Motorola Inc. said Monday it is selling its automotive electronics business to German tire company Continental AG for about $1 billion, enabling the cell-phone maker to focus more exclusively on communications technology.
The 4,500-employee unit, which had about $1.6 billion in sales last year, makes telematics products used for vehicle navigation and safety services, as well as sensors used in steering, braking, and power doors and windows. The companies said the cash deal is expected to close by the end of June.
Continental, a leading automotive supplier, said the acquisition will boost overall sales of its $6.5 billion-a-year automotive systems division while also adding telematics products. Manfred Wennemer, its executive board chairman, called the business “a perfect fit with our strategy of providing sophisticated safety systems to our customers.”
“It makes a lot of sense for us to invest in a (North American) market where we see in the future more than 16 million cars being built,” Wennemer said on a conference call from Frankfurt.
Continental said it will keep the telematics business and its several hundred employees in Chicago while maintaining Auburn Hills, Mich., as the headquarters of its automotive systems division. Wennemer said there will be “hardly any reduction in force” as a result of the acquisition.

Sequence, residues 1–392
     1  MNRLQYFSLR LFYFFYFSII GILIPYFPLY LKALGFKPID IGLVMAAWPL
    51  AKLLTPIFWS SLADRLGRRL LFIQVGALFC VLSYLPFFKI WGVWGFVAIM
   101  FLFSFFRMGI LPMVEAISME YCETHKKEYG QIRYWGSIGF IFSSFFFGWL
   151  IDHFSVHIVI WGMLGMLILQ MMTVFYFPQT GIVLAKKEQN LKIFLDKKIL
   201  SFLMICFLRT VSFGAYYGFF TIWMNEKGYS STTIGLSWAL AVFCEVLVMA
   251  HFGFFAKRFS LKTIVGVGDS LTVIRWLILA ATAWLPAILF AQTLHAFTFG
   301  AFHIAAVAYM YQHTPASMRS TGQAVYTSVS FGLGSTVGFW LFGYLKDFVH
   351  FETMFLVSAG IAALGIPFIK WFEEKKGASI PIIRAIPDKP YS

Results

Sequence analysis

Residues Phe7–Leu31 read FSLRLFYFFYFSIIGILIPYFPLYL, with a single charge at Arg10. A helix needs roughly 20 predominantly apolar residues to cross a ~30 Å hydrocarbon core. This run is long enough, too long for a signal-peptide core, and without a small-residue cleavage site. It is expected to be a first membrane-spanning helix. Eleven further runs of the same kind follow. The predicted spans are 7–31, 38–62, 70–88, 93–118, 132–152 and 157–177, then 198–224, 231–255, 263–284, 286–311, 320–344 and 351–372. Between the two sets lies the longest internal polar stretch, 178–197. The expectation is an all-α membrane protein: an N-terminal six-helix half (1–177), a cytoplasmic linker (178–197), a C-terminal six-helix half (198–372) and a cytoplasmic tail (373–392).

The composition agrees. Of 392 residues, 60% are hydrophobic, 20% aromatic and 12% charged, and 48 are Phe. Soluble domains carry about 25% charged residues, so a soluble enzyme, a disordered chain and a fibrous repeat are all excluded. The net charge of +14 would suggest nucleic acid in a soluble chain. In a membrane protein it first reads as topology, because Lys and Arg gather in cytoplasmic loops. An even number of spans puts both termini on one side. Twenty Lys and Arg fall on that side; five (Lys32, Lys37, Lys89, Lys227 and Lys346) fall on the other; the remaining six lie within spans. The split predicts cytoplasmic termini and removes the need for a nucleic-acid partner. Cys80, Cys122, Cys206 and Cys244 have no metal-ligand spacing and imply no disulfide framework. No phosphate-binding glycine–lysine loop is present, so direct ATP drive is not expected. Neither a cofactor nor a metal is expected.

Motorola has been looking into selling the unit since last fall. The business has been overshadowed by the handset unit, which accounts for more than half of the company’s $35 billion in sales and is runner-up in the world market behind Finland’s Nokia Corp. Results also have been weakened by the struggles of its automotive-supply customers.
Motorola already had spun off the semiconductor division, which had been the Schaumburg-based company’s second-largest business, since CEO Ed Zander took over a little more than two years ago.
“This takes the Motorola automotive electronics people and assets and a significant backlog of orders and ... overnight makes this business a category leader,” said Greg Brown, president of Motorola’s Networks and Enterprise business, which oversees the automotive electronics unit. “So we saw it as a much better strategic fit for both firms.”